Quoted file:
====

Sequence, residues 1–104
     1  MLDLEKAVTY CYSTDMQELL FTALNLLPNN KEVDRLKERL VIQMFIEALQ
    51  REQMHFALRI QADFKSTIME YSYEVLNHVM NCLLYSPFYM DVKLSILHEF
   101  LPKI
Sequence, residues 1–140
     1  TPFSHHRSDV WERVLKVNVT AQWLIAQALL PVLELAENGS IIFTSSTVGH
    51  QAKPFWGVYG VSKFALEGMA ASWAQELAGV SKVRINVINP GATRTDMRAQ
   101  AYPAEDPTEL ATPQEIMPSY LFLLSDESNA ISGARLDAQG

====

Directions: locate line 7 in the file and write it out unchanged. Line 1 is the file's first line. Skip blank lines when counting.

    51  QAKPFWGVYG VSKFALEGMA ASWAQELAGV SKVRINVINP GATRTDMRAQ